By Jen Perrault
The Fall weather is here. In my running season, this means base training and putting in mileage. As an 800m runner, how I define mileage may differ from how you define mileage. During base training, we are out running various trails and at local parks in Ottawa. Last week, we had a practice that involved running 500m segments of a trail, with short rest in between repetitions. During these segments, we had to veer right as we rounded the trail on our 500m effort. Asking a track athlete to turn right is like asking a hockey player to play in figure skates, it’s extremely awkward and feels foreign.
As I struggled in asking my body to turn right for a change, I began to think about how linear running is, over any distance. From the 60m sprinter to the ultra marathoner, running consists of moving in a fairly straight line. A common saying in Track and Field is “run hard, turn left”. There is little demand for lateral agility or quick movements to the left or right in running. I do not believe that the linear nature of running has to be viewed in a negative light. The key to running over any distance is being efficient, and when done properly it can look fluid, effortless and quite beautiful. Much more aesthetically pleasing than contact sports, but that’s just my biased opinion.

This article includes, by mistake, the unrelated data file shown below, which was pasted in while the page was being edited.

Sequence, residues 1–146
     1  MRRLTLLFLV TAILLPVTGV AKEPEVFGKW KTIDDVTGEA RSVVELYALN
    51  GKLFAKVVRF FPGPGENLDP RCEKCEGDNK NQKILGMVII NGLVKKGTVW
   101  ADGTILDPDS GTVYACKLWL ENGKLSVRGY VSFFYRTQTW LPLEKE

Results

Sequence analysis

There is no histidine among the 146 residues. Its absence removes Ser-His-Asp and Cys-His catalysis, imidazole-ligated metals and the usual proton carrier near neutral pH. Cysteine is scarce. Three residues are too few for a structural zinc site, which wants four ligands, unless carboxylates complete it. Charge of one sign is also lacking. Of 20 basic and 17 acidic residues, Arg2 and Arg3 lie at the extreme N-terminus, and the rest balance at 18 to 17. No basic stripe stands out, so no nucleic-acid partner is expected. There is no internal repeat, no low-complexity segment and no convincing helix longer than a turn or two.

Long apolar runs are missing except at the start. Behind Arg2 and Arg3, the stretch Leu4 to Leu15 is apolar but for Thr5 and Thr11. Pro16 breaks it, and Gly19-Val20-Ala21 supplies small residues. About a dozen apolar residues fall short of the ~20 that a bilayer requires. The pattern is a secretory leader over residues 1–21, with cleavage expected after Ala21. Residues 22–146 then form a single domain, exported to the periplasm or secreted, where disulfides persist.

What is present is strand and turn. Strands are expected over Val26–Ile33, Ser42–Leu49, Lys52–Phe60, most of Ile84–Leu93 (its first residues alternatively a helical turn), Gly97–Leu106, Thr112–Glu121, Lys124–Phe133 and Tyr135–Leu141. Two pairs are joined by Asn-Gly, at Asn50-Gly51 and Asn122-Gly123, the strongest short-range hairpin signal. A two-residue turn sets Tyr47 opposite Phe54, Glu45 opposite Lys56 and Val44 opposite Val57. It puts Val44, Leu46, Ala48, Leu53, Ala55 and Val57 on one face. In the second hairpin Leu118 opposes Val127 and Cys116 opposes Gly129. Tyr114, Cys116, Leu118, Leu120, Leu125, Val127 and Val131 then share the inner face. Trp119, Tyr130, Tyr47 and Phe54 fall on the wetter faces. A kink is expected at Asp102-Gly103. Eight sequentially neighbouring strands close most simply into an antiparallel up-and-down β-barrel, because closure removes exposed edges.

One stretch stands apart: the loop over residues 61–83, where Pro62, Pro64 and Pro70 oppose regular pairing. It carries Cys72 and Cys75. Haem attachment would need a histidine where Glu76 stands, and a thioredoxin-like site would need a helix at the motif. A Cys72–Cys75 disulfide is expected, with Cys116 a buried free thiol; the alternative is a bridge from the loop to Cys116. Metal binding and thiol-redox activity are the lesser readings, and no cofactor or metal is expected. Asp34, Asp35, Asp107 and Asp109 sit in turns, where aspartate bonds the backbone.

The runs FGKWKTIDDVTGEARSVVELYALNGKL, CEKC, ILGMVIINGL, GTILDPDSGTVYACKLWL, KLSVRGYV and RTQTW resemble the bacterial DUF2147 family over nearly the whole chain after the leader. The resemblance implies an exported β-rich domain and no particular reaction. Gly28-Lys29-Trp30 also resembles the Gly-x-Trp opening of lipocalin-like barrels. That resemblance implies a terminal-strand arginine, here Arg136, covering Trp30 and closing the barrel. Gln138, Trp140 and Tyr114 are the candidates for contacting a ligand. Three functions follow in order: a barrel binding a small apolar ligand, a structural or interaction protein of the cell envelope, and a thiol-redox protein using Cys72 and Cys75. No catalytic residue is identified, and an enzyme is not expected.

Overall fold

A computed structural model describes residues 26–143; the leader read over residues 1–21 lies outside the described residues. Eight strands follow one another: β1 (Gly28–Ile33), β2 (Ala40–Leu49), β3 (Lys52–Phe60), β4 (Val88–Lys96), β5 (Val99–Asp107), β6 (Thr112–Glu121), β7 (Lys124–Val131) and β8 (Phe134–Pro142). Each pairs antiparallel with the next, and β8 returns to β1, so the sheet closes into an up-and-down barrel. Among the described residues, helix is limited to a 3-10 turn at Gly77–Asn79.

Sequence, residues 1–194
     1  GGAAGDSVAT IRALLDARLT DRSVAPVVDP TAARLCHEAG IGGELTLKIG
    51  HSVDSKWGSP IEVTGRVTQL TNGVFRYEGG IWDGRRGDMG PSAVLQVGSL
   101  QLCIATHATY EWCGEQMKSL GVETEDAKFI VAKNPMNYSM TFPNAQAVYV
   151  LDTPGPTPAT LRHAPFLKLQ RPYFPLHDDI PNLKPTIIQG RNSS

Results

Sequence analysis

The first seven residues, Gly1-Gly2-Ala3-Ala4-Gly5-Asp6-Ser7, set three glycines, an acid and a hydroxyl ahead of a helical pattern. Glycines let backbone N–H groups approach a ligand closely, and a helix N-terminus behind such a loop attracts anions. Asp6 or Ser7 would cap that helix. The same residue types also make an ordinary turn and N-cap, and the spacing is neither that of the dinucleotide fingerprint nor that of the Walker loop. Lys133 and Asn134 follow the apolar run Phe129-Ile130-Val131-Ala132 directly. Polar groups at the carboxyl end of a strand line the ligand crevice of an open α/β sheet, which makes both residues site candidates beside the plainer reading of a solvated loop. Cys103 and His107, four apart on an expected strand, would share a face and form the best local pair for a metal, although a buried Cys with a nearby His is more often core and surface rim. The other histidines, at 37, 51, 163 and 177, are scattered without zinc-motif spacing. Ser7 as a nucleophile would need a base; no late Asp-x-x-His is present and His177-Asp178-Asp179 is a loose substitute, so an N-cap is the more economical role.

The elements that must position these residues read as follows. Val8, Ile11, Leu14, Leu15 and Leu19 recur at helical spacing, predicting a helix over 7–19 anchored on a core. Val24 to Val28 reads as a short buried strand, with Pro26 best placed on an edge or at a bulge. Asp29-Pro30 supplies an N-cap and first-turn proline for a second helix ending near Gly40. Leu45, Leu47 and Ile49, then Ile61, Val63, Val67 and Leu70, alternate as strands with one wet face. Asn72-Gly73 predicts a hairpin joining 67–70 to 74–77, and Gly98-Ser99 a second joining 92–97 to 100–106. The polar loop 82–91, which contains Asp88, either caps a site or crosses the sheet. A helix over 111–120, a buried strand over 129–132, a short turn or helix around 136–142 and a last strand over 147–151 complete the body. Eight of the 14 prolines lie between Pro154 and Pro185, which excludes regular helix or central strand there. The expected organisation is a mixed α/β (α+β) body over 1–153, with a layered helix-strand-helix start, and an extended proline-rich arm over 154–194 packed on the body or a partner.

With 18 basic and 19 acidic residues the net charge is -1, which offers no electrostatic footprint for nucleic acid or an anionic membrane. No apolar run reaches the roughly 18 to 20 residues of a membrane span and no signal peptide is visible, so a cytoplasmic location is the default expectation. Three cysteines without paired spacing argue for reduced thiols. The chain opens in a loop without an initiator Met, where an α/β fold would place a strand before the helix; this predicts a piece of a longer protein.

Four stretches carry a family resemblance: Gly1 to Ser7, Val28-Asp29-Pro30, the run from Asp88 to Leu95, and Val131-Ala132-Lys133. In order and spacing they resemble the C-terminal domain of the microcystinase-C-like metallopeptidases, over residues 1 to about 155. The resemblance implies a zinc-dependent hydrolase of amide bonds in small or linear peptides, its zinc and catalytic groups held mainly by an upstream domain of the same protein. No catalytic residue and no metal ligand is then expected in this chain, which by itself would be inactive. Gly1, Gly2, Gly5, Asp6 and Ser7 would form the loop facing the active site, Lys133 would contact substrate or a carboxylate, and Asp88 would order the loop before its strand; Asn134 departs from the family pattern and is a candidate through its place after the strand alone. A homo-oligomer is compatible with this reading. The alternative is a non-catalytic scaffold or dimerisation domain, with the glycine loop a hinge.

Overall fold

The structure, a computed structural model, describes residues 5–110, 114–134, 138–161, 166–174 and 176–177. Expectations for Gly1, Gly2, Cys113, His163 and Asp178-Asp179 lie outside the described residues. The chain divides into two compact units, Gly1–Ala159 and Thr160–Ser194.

Beyond feeling awkward when asked to take a sharp right, the linear nature of our sport can cause muscle imbalances. It is important to compensate for these imbalances with general strength training and flexibility. There are many programs catered to runners such as yoga for runners or strength training for runners. The owner of Foot Tools, John Lawson, is very aware of how linear running is. Come by the store for more information on ensuring you have the proper strength and flexibility to handle running. This is especially important during base training, when the mileage is building. Foot Tools offers foam rollers and other products to prevent injury. If you’re looking to get strong, talk to John Lawson about signing up for strength sessions. Taking action to compensate for the linear nature of running could be the difference between an injury ridden year of running or an injury free year of running.